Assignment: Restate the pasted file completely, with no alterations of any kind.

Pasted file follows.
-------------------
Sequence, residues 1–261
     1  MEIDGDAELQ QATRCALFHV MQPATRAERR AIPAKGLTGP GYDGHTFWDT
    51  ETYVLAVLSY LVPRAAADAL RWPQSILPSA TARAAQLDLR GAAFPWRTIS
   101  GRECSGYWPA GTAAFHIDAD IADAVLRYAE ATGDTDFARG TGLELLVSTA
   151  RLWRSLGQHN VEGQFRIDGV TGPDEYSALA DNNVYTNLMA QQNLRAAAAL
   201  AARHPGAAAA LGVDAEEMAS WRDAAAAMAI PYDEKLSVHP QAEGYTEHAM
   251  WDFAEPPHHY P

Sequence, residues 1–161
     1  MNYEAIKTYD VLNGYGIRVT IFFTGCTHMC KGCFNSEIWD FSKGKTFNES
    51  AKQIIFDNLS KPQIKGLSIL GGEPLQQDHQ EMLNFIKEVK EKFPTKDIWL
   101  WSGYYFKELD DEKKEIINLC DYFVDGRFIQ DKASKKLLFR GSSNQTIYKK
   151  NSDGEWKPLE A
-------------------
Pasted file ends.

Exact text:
Sequence, residues 1–261
     1  MEIDGDAELQ QATRCALFHV MQPATRAERR AIPAKGLTGP GYDGHTFWDT
    51  ETYVLAVLSY LVPRAAADAL RWPQSILPSA TARAAQLDLR GAAFPWRTIS
   101  GRECSGYWPA GTAAFHIDAD IADAVLRYAE ATGDTDFARG TGLELLVSTA
   151  RLWRSLGQHN VEGQFRIDGV TGPDEYSALA DNNVYTNLMA QQNLRAAAAL
   201  AARHPGAAAA LGVDAEEMAS WRDAAAAMAI PYDEKLSVHP QAEGYTEHAM
   251  WDFAEPPHHY P

Sequence, residues 1–161
     1  MNYEAIKTYD VLNGYGIRVT IFFTGCTHMC KGCFNSEIWD FSKGKTFNES
    51  AKQIIFDNLS KPQIKGLSIL GGEPLQQDHQ EMLNFIKEVK EKFPTKDIWL
   101  WSGYYFKELD DEKKEIINLC DYFVDGRFIQ DKASKKLLFR GSSNQTIYKK
   151  NSDGEWKPLE A